Web Date: March 18, 2013
Chemistry Wins At Intel Science Talent Search
Chemistry projects earned top honors for some of the participants in this year’s Intel Science Talent Search, which ended on March 12. Sara Volz, 17, of Colorado Springs, Colo., for example, won $100,000 for her research on algal biofuels.
The Intel competition recognizes high school seniors from around the U.S. who are conducting innovative research in science, technology, mathematics, and engineering. Volz and other winners were honored during an awards ceremony in Washington, D.C.
For her project, Volz used artificial selection to establish populations of algae cells with high oil content. She demonstrated that algae can be used as an economically feasible source of biofuel.
Volz grew algae in a medium containing the herbicide sethoxydim to kill algae cells with low levels of acetyl-CoA carboxylase (ACCase), an enzyme needed for lipid synthesis. Her analysis of the remaining algae cells revealed significant increases in lipid accumulation.
“This technique could be used to increase oil production of algae for large-scale production,” Volz says. “In the long-term, this could make algae biofuels sustainable. And maybe one day you could be putting algae biofuel into your car at the pump.”
Other chemistry-related projects include Jonah Kallenbach’s $75,000 second-place prize for designing a computer program that predicts how disordered proteins interact with ordered proteins in the body. The work has the potential to yield a new paradigm for drug design in which disordered regions can be used as promising new drug targets for diseases such as cancer and tuberculosis.
Kallenbach, a 17-year-old from Ambler, Pa., says the subject of his research hits close to home. “My mom has breast cancer, and three of my four grandparents have had cancer,” he says. “Any potential positive impact that I could have in the field of disease research would be incredibly rewarding.”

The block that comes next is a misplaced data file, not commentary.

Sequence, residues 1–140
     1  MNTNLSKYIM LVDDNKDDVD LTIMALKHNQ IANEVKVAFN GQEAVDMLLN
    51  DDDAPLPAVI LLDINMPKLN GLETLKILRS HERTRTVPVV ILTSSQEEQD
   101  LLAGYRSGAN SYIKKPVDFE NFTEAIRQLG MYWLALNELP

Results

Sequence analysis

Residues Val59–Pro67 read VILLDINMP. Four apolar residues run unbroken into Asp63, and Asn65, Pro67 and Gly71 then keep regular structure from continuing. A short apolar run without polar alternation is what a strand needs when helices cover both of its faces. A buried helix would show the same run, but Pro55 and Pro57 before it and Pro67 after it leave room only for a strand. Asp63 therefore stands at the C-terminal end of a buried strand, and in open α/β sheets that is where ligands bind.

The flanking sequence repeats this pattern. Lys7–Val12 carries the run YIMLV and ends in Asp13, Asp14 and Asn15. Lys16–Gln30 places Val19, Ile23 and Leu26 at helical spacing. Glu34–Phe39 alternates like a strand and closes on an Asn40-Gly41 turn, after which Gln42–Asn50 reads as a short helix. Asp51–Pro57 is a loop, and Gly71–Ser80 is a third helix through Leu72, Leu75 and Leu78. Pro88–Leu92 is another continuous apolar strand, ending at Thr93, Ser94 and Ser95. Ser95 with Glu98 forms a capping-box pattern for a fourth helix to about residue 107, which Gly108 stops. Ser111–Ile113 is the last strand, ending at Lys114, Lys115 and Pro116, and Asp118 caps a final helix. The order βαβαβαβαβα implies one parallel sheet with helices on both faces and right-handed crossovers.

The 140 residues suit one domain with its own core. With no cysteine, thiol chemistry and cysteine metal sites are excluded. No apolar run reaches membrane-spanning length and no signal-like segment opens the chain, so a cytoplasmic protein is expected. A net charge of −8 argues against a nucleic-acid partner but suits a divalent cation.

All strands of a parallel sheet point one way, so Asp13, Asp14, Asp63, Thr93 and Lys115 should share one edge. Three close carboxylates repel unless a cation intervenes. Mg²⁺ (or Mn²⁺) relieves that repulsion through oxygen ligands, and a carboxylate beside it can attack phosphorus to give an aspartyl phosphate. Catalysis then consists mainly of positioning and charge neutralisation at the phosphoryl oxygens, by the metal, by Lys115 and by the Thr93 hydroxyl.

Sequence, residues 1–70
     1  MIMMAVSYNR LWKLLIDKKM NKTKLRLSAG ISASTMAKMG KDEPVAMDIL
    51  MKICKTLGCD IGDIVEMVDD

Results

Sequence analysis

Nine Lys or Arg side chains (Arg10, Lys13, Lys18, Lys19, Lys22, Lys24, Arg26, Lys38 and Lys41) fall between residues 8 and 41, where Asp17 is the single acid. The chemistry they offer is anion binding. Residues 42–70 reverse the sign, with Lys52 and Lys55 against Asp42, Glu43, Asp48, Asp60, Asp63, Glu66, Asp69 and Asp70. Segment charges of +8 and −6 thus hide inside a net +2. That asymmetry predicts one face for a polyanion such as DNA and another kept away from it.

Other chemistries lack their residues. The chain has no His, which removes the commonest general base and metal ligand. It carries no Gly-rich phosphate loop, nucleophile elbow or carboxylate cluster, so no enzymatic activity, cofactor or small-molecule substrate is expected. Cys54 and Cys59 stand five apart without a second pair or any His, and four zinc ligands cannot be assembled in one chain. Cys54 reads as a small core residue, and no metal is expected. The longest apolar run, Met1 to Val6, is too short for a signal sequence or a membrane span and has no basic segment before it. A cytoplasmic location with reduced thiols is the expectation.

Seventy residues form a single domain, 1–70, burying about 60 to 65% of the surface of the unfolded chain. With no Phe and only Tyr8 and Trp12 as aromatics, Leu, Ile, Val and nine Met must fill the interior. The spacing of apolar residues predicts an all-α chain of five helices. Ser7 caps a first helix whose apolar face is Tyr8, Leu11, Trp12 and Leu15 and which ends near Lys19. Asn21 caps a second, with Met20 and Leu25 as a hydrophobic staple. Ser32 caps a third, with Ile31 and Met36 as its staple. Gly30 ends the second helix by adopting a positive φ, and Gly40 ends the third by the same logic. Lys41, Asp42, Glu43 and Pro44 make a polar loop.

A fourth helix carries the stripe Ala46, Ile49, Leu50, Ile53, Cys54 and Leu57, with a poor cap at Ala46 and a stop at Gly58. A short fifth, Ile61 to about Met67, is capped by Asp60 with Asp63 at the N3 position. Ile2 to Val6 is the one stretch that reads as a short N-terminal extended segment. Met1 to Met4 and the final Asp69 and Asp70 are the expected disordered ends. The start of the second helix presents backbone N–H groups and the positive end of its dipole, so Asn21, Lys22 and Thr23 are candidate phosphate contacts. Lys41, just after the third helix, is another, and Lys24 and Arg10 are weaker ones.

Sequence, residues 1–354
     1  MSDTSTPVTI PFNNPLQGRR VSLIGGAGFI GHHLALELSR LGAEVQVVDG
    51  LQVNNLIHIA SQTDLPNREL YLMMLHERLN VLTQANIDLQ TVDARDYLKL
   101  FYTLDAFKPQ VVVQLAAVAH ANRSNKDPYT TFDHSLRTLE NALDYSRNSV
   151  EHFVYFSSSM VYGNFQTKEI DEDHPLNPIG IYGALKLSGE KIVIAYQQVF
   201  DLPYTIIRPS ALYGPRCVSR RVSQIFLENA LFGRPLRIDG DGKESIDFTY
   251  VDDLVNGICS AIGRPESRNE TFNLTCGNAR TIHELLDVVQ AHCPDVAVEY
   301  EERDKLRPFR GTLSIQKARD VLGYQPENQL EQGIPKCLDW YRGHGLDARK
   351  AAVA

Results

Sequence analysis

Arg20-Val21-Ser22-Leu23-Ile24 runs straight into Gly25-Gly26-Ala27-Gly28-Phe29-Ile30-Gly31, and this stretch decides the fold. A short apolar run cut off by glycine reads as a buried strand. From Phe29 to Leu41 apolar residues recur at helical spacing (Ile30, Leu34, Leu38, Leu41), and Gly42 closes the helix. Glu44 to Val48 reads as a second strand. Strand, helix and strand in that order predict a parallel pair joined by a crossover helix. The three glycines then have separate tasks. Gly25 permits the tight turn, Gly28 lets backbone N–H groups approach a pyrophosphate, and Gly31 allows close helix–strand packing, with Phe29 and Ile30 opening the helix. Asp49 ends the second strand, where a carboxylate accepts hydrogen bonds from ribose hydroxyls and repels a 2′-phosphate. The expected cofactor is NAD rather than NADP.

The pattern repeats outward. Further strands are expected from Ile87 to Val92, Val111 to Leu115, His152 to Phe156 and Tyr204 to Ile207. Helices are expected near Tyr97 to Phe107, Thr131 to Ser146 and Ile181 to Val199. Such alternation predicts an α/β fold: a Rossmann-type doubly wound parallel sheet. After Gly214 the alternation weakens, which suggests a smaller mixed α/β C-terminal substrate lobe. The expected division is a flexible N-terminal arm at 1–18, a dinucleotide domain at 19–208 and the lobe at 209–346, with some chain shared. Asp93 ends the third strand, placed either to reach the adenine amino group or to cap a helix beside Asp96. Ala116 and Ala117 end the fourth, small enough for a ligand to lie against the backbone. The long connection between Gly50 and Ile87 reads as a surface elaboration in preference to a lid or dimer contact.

The $50,000 third-place prize in the Intel competition went to Adam Bowman, 17, of Brentwood, Tenn., for his design of an inexpensive low-energy pulsed plasma device. He says his work could open the door for plasma research to be conducted in small-scale operations, perhaps even in high school laboratories.
“I really enjoy the hands-on aspect of research more than anything else,” Bowman says. “Interacting with the apparatus, troubleshooting, and finding solutions all provide motivation and a special sense of satisfaction for me.”
All of the students who participated in the competition should consider themselves winners, notes Jeffrey I. Seeman of the University of Richmond and founder of the Archimedes Initiative, an effort to increase science literacy in the U.S. “It’s wonderful to identify and to celebrate the winners, but all kids who participate are winners because they all learn something, and they all advance their own knowledge and appreciation of science and the scientific method.”
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